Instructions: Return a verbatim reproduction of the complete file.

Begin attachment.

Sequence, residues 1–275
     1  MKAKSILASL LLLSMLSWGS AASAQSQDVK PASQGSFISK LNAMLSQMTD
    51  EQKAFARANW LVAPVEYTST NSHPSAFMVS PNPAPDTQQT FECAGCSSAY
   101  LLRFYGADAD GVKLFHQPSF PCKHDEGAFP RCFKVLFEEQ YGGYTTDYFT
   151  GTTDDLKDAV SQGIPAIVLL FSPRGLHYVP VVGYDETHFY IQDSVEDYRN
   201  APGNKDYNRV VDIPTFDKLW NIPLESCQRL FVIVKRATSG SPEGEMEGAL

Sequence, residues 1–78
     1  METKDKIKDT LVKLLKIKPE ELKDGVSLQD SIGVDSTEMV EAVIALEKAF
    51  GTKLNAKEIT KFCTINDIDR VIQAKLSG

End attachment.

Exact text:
Sequence, residues 1–275
     1  MKAKSILASL LLLSMLSWGS AASAQSQDVK PASQGSFISK LNAMLSQMTD
    51  EQKAFARANW LVAPVEYTST NSHPSAFMVS PNPAPDTQQT FECAGCSSAY
   101  LLRFYGADAD GVKLFHQPSF PCKHDEGAFP RCFKVLFEEQ YGGYTTDYFT
   151  GTTDDLKDAV SQGIPAIVLL FSPRGLHYVP VVGYDETHFY IQDSVEDYRN
   201  APGNKDYNRV VDIPTFDKLW NIPLESCQRL FVIVKRATSG SPEGEMEGAL

Sequence, residues 1–78
     1  METKDKIKDT LVKLLKIKPE ELKDGVSLQD SIGVDSTEMV EAVIALEKAF
    51  GTKLNAKEIT KFCTINDIDR VIQAKLSG